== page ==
Shults and the Parkinson Study Group are developing a proposal to carry out a larger study to confirm their results. He added that an equally important outcome of the recently completed clinical trial was that it provided an efficient design for studies, such as this one, of drugs that might slow the progression of Parkinson's disease. The design was based on previous studies carried out by the Parkinson Study Group and developed by David Oakes, Ph.D., biostatistician for the study and chair of the Department of Biostatistics at the University of Rochester, in collaboration with Shults and Drs. Ira Shoulson and Karl Kieburtz of the University of Rochester.
Shults stated that he hoped this study and its efficient design will stimulate future studies to identify treatments that are likely to slow the progression of Parkinson's disease.
Listed according to number of subjects enrolled, the investigators and trial sites for the recent study were:
- Julie Carter, R.N., M.N., A.N.P., Oregon Health & Science University
- Katie Kompoliti, M.D., Rush-Presbyterian-St. Luke's Medical Center
- Joel S. Perlmutter, M.D., Washington University in St. Louis
- Stephen Reich, M.D., Johns Hopkins University
- Matthew Stern, M.D., University of Pennsylvania
- Ray L. Watts, M.D., Emory University
- Roger Kurlan, M.D., University of Rochester
- Eric Molho, M.D., Albany Medical College
- Madaline Harrison, M.D., University of Virginia
- Mark Lew, M.D., Keck School of Medicine of the University of Southern California.
Shults and his colleagues strongly caution patients against choosing to take coenzyme Q10 until a larger, definitive trial can be conducted. Because coenzyme Q10 is classified as a dietary supplement, it is not regulated by the U.S. Food and Drug Administration. The versions of the coenzyme Q10 sold in stores may differ and may not contain potentially beneficial amounts of the compound, Shults said. He added that if many people begin taking coenzyme Q10 after these early results, it may make it impossible for investigators to find enough patients to carry out definitive studies of the compound's effectiveness and the proper dosages, since patients must not be taking any treatments in order to be considered for enrollment in a definitive trial.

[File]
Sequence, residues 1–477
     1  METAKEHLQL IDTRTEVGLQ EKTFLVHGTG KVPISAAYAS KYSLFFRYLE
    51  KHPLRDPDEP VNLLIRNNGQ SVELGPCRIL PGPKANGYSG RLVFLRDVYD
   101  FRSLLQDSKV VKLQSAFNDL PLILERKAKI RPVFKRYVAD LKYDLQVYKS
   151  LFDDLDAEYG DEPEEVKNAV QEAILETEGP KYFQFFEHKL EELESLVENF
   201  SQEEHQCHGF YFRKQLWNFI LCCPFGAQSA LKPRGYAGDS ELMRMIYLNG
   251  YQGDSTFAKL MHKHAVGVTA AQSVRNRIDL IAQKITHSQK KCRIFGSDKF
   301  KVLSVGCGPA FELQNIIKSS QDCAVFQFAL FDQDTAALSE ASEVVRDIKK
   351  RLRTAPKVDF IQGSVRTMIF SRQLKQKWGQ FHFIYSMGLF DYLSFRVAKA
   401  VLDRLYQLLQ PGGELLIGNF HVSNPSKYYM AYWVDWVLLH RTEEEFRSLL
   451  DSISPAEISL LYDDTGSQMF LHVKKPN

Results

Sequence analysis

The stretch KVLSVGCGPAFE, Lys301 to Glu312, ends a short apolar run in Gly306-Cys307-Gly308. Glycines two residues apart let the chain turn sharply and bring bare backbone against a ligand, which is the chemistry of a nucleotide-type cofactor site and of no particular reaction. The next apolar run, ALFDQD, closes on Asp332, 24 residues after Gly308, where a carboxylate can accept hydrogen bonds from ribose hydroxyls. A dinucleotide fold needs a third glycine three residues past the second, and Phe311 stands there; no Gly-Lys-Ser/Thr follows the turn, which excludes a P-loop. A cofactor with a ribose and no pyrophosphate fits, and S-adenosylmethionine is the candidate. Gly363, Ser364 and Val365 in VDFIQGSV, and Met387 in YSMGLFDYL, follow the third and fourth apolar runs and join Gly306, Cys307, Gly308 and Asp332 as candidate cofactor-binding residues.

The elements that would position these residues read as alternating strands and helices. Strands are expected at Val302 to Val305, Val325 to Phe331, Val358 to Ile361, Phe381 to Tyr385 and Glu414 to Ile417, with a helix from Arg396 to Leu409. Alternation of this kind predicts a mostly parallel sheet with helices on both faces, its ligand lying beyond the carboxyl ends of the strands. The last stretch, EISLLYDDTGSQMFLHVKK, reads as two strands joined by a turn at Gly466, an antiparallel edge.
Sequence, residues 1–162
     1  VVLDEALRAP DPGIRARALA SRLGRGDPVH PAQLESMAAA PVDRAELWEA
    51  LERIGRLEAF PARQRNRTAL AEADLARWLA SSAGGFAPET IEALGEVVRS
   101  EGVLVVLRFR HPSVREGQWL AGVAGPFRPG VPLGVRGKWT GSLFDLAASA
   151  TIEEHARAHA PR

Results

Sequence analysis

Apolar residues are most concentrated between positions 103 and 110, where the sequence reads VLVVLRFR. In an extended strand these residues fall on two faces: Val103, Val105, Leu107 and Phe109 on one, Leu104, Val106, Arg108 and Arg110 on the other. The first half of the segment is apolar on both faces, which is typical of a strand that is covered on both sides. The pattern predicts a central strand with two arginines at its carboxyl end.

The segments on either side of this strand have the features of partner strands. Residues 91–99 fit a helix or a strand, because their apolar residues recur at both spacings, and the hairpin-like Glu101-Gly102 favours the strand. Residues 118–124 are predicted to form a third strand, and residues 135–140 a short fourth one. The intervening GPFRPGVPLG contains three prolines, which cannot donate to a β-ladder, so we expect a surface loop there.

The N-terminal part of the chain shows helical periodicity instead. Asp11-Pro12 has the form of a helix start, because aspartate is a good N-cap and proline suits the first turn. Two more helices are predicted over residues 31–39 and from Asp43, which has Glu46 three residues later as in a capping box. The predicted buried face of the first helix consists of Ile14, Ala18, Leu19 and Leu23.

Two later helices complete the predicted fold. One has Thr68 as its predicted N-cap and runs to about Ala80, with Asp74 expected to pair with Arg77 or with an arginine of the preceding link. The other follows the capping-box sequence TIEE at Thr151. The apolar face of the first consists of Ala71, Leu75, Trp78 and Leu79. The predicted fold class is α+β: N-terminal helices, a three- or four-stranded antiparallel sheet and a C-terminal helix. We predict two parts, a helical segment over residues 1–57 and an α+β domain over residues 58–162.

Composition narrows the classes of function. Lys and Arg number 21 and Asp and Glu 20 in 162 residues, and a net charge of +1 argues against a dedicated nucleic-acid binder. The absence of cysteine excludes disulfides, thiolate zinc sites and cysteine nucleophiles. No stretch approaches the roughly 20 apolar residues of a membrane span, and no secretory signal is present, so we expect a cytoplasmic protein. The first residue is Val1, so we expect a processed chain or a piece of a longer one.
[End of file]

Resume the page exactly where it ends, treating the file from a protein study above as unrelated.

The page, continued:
The UCSD-led clinical trial was sponsored by the National Institute of Neurological Disorders and Stroke of the National Institutes of Health. The coenzyme Q10 and placebo used in the study were formulated into wafers and packaged without charge by Vitaline Formula, Wilsonville, OR. Shults and Jed Meese are co-inventors of the coenzyme Q10 compound in a pending patent application. The application is jointly owned by Enzymatic Therapy, Inc. (owner of Vitaline Corp.), The Regents of the University of California, and the Department of Veterans Affairs.